John Ross Roach

Standing just 5'5" high and tipping the scales at about 130lbs, John Ross Roach was one of the smallest goalies ever to guard a NHL cage. He also had two great nicknames. He was dubbed "Little Napoleon," a reference to both his size and temperament. He was also more enamouredly called "The Port Perry Woodpecker," referring to his hometown in Ontario. He may also have been known as "The House Cleaner."

Roach was an outstanding senior player with the Toronto Granites of the OHA Senior league, never more so than in 1920-21 when he lead the league in wins and goals against average. When the NHL's Toronto St. Patricks started searching for a replacement for their regular goaler "Jumping Jakie" Forbes, boss Charlie Querrie did not have to look far and signed Roach.

Roach was a nervous rookie, but his team did well enough to make the playoffs in 1921-22 and the St. Patricks pulled off a shocking upset of the powerful defending Stanley Cup champion Ottawa Senators in the two game, total goal NHL playoff. They then went on to beat Vancouver to win the Stanley Cup in Roach's very first year. It would be the only Stanley Cup champion Roach would ever play on, though he would achieve all-star status later on.

After 1921-22 he was the regular goaler for the St.Pats but with mixed success. In 1924-25 he led the NHL in wins as the team captain, only to revert back to his indifferent play and when the St. Pats became the Toronto Maple Leafs.

Feeling it was time for another change, the newly named Leafs traded Roach to the New York Rangers for goaltender Lorne Chabot for the 1928-29 season.

In his very first year with the Rangers he set still-standing team records with a 1.48 average and 13 shutouts. He also led the Rangers to the Stanley Cup final, only to come up short against the Boston Bruins and their sensational rookie goaltender Tiny Thompson.

The fidgety Roach was the goat of the 1932 Stanley Cup final when Roach allowed 6 goals in each of the three games dubbed by the fans as "the tennis series" when Roach's old team won their very first Stanley Cup as the Maple Leafs.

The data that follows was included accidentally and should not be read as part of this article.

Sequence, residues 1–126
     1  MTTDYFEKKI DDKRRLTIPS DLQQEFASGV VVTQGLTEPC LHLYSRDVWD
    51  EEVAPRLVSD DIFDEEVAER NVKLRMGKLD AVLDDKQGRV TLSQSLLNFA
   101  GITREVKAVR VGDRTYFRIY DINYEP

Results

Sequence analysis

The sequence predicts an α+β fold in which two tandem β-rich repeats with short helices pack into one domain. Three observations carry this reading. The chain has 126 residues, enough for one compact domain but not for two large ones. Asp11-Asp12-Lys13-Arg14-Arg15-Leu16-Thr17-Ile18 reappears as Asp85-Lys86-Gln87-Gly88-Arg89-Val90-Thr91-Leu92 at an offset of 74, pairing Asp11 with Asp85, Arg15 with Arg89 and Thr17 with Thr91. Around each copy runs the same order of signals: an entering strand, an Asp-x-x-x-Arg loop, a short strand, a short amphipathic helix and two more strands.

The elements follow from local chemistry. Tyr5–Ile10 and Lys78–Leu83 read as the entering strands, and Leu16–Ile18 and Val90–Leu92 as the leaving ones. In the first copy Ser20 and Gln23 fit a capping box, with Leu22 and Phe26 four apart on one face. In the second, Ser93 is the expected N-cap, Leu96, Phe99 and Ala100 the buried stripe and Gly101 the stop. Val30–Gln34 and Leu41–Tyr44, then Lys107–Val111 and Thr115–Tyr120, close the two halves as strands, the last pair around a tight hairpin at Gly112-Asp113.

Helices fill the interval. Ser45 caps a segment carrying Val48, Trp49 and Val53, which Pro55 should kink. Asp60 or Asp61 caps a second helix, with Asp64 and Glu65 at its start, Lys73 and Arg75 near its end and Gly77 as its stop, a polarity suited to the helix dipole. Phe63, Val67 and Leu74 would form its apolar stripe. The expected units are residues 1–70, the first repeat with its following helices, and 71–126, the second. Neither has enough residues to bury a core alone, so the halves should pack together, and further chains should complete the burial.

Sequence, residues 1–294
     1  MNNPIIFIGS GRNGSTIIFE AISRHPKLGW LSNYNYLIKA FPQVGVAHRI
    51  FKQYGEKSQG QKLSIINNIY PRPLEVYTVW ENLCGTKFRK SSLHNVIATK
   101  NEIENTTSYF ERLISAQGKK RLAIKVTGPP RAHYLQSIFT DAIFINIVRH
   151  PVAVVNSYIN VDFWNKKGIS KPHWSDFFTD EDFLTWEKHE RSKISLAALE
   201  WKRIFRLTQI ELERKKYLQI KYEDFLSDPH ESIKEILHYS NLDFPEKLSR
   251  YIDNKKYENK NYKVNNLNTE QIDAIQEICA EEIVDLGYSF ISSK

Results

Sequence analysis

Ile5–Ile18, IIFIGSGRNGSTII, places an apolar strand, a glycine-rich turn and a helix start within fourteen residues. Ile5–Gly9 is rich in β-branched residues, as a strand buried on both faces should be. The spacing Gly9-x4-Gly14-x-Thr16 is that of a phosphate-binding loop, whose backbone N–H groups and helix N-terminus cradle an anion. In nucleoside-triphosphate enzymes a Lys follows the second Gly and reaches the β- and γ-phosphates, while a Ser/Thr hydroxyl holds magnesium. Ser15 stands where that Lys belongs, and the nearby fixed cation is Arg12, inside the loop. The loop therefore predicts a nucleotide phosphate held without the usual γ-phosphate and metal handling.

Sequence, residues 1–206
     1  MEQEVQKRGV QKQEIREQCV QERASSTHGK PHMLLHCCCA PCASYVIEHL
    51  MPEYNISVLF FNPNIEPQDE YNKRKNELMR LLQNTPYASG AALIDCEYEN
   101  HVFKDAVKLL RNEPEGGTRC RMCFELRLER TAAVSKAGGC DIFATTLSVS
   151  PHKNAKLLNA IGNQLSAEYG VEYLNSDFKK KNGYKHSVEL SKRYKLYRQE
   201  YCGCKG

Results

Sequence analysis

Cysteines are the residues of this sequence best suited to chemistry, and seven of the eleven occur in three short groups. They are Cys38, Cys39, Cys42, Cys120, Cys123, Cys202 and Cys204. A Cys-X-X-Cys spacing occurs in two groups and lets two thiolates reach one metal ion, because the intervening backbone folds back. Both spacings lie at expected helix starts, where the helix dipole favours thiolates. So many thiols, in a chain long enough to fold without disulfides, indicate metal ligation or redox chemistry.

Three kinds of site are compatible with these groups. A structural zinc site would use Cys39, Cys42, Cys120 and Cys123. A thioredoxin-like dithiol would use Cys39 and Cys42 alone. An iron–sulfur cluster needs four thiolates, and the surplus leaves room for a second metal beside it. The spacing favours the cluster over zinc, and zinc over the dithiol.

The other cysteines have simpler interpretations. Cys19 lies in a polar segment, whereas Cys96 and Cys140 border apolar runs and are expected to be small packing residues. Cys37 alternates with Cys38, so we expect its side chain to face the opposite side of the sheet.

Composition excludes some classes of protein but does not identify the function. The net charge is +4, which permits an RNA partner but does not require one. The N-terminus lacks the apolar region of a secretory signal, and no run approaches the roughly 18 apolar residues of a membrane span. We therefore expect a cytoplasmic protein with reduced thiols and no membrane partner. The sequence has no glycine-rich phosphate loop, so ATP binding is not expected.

As a result, Lester Patrick sold Roach to Detroit. In Detroit he came closest to winning the Vezina Trophy in 1932-33 with his fine 1.93 goals against average and 10 shutouts, losing the trophy to Tiny Thompson by a small margin, but beating out Thompson for the first all-star team.

His 13th year in the NHL proved unlucky. He broke his jaw in a car accident and manager Jack Adams shelved him in favor of Wilf Cude about halfway through the 1933-34 season. He and Normie Smith shared the goaltending duties in 1934-35. He closed his career by playing one game with Toronto when George Hainsworth was out of action.

John Ross Roach died July 9th, 1973.


Perry Roach 10:56 AM  

Hello. I showed this piece to my father, John Ross Roach age 74. My dad said his dad was a huge fan of hockey and John Ross Roach the goalie. My Dad was named by his father after John Ross Roach

Thank you for this piece of great history.
Perry Roach
Guelph Ontario

Joe Pelletier 7:46 PM  

I'm glad you found this article. It was an honour to learn about him and share the information with everyone.


Anonymous,  6:24 PM  

John Ross Roach was my mother's uncle. She has great stories about him. I'll tell her that he had someone named after him!
Sarah Travis
Oakville, ON

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